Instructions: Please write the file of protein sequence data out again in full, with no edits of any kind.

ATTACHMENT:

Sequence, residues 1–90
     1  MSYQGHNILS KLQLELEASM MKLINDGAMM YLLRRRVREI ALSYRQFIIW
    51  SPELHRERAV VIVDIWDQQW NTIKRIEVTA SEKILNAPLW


Sequence, residues 1–90
     1  MSYQGHNILS KLQLELEASM MKLINDGAMM YLLRRRVREI ALSYRQFIIW
    51  SPELHRERAV VIVDIWDQQW NTIKRIEVTA SEKILNAPLW